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EU, US condemn Myanmar violence

(BRUSSELS) - The European Union and the United States on Wednesday called on the Myanmar authorities to stop using violence to quell peaceful protests in Yangon, in a joint statement released in Brussels.

"The European Union and the United States express their solidarity with the people of Burma/Myanmar," said the statement, agreed following a meeting in New York between EU foreign ministers and US Secretary of State Condoleezza Rice.

"We are deeply troubled by reports that security forces have fired on and attacked peaceful demonstrators and arrested many Buddhist monks and others.

"We call on the authorities to stop violence and to open a process of dialogue with pro-democracy leaders including (opposition leader) Aung San Suu Kyi and representatives of ethnic minorities.

"We urge China, India, ASEAN (Association of Southeast Asian Nations) and others in the region to use their influence in support of the people of Burma/Myanmar."

The EU and the US called on the UN Security Council, due to meet Wednesday, to "discuss this situation urgently and consider further steps including sanctions."

The Europeans -- France and Britain are permanent Security Council members -- and their American allies, who have already announced tougher sanctions against the Myanmar junta, will meet up there with fellow permanent members China, a close ally of Myanmar, and Russia, which on Wednesday described the events there as an "internal matter".

Myanmar security forces used batons, tear gas and live rounds Wednesday in a violent crackdown on mass protests against the military junta, killing at least four people including three Buddhist monks.

This week's protests in Yangon are the biggest public show of dissent since student-led rallies in 1988 were brutally repressed with hundreds, if not thousands, of lives lost.

EU External Relations Commissioner Benita Ferrero-Waldner, also in New York, said she supported the process started at the United Nations, with a discussion on Myanmar at the Security Council on Wednesday.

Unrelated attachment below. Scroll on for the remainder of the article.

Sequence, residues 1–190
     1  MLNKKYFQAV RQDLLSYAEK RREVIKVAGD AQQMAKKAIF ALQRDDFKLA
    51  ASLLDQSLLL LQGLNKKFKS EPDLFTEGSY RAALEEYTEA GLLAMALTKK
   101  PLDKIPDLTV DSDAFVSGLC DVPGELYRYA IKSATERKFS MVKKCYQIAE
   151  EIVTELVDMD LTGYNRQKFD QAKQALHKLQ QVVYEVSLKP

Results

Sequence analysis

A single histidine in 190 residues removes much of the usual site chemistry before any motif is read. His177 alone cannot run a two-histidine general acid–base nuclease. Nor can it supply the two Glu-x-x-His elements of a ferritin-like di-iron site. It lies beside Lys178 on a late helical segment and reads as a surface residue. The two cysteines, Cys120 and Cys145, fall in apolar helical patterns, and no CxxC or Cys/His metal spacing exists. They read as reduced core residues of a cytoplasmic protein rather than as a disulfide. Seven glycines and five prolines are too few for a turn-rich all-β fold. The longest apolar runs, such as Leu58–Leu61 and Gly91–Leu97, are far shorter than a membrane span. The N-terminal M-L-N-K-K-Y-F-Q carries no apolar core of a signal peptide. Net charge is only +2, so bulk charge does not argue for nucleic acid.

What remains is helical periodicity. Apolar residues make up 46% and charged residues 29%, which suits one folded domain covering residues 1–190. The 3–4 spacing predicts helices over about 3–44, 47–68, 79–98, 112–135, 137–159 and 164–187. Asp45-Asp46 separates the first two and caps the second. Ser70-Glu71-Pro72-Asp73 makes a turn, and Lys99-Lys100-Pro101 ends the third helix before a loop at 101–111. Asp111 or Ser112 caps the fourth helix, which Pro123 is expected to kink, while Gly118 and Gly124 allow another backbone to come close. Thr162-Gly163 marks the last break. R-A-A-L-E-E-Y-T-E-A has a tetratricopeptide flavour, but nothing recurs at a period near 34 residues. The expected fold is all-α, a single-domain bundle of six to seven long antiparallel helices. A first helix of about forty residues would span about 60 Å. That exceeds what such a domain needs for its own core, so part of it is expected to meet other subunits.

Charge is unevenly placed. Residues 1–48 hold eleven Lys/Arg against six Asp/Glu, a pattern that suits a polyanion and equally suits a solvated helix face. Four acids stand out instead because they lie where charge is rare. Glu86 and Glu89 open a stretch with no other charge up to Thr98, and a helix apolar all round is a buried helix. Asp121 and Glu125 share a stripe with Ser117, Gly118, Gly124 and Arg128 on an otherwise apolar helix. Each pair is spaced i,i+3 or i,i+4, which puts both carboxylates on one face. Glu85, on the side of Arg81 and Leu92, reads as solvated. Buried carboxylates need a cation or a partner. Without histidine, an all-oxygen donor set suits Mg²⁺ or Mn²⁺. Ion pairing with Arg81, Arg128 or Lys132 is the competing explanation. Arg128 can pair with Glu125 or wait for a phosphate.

"We need to mobilize Myanmar's immediate neighbours to join our call for restraint of the regime and for a genuine political dialogue, including full respect for human rights," she said.

"The EU and the US have agreed to consider further steps against the regime in Burma/Myanmar including sanctions if deemed necessary," Ferrero-Waldner added.

Portuguese Foreign Minister Manuel Lobo Antunes, giving a speech at the European parliament in Strasbourg, also spoke of the need for Western nations to involve China, India and ASEAN nations to take action.

"We are pushing all these countries to have a dialogue with the regime on many issues," he said.

At the same event, European Development Commissioner Louis Michel told the eurodeputies that China must be persuaded to help "but also India, Japan and South Korea".

Since the demonstrations began in Myanmar, ASEAN -- which includes Thailand, Indonesia, Malaysia, the Philippines, Singapore, Vietnam, Brunei, Laos, Cambodia and Myanmar itself -- has been mute on the subject.

The European Union, which already has tough sanctions in place against the Myanmar regime, was meanwhile preparing to ratchet them up further in light of the crackdown there.

Asia experts from the 27 EU nations met in Brussels to consider what tools are available

EU ambassadors will continue the work on Thursday.

Under the existing sanctions, 375 people, members of the junta and their families, are banned from entering the European Union and are subject to an asset freeze.

Arms and trade embargoes are also in place.

The Europeans realise that whatever actions they take will not have spectacular, immediate effects on what is already one of the most isolated nations in the world.

"The sanctions are already pretty strong," said one European official.

"We can't expect that sanction changes alone are going to persuade the authorities not to use force," he added.


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